Farmers also sell to the co-op’s cafe. On most days, the three chefs buy food just like any other customer and turn it into homey, delicious dishes such as leek-and-feta quiche or a curried cauliflower, apple and arugula pesto sandwich on locally made bread. Producers also sell the cafe their excess produce, the stuff that won’t sit another week on the shelves. The cooks prep and freeze it or use it for soups and sauces.
The setup has been a boon to farmers. Marion Yoder, who sells pastured meats, cheese and homemade bagels, says the co-op helps keep her business running all year, with no need for customers to drive out to the farm after the farmers markets close for the season. (She is now selling about half of her meat through Local Roots.) Shoppers benefit, too, because the co-op makes it convenient to source most of their food locally. “It’s as easy as the grocery store,” says Trevor Dunlap, the head of a local nonprofit group, who stopped in to pick up some grass-fed milk and butter on his lunch hour.
There has been much to learn, of course. Jessica Eikleberry, the co-op’s market manager, has had to coach producers about what they can reasonably expect to sell in a given week. Last summer, she remembers, “every single grower in the tri-county area brought in tomatoes, until half the building was full of them.” The next week, the co-op printed tomato recipe cards and organized cooking demonstrations. But most farmers didn’t bother to bring any. Farmers are now required to rent shelf space for a month at a time, so the co-op knows how much produce to expect each week.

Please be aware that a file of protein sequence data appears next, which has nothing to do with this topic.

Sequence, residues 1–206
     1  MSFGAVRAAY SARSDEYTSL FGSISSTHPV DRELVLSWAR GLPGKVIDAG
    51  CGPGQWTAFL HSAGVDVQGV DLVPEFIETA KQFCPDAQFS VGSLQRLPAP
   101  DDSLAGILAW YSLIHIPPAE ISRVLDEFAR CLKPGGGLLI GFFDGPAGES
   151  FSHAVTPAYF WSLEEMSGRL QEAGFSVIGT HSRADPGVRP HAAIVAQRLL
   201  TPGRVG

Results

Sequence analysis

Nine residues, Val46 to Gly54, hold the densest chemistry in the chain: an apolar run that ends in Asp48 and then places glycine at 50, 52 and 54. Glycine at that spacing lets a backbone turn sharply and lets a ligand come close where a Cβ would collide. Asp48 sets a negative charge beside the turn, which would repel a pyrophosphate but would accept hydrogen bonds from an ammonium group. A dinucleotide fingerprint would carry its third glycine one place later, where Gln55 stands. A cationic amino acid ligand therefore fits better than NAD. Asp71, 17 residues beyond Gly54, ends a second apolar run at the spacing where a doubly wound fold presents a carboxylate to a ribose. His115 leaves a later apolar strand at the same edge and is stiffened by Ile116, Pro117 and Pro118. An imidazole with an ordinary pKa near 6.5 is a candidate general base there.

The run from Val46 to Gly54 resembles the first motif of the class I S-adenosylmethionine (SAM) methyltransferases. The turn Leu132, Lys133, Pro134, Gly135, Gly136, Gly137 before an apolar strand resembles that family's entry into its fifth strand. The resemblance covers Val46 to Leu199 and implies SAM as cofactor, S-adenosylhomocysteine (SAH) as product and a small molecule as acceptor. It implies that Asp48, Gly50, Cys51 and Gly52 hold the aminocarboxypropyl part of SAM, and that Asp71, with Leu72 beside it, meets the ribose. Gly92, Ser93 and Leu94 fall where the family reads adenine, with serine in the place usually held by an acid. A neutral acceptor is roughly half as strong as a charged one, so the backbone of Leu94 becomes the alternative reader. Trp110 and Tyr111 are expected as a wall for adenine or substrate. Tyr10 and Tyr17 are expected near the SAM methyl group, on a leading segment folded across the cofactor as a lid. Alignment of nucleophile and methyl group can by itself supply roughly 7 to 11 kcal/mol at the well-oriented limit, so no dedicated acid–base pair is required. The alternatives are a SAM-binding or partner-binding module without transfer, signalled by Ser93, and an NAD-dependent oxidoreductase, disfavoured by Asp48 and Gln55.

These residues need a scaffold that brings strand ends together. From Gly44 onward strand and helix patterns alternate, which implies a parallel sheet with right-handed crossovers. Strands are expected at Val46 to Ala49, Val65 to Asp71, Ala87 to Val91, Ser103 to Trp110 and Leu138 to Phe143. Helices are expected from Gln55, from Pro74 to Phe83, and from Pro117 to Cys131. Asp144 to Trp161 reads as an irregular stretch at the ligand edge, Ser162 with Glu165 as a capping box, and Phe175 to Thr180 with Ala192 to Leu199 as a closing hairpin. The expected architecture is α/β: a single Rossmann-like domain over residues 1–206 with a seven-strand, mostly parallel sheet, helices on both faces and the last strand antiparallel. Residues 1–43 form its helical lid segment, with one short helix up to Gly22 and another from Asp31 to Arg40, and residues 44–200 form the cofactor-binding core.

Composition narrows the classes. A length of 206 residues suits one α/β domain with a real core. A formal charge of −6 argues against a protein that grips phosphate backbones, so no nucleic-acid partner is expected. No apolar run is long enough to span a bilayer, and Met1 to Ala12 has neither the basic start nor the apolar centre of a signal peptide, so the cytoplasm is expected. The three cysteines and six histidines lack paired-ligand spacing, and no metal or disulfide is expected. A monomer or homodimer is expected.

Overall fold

Local Roots’ success has garnered the group much attention locally. Co-founder Betsy Anderson says she is consulting with five groups from other parts of Ohio about how to get similar co-ops up and running.
And the idea is spreading. Bob Filbrun, an agricultural extension agent in Edgecombe County, N.C., about an hour east of Raleigh, visited Local Roots for inspiration on how to re-energize his own community’s struggling market. Its model addressed many of the challenges he’d been hearing about from customers and producers in his area. But just as important was the market’s vibe: “It was such a nice mix of products and presentation and atmosphere,” he said. “I don’t mean to get too philosophical about it. But if a farmers market is done right, it can be the heartbeat of the community.”
Indeed, that is the aim of Local Roots. Each month, the co-op puts on special events, such as December’s artisan crafts day and a knitting circle. But at its core is a new way of buying and selling food. Or as Marlene Barkheimer, Local Roots’ treasurer, says with a laugh, “finding a way to make it work for the farmer and the lazy shopper — like me.”
Black, a former Food section staffer now based in Brooklyn, writes Smarter Food monthly. Follow her on Twitter: @jane_black.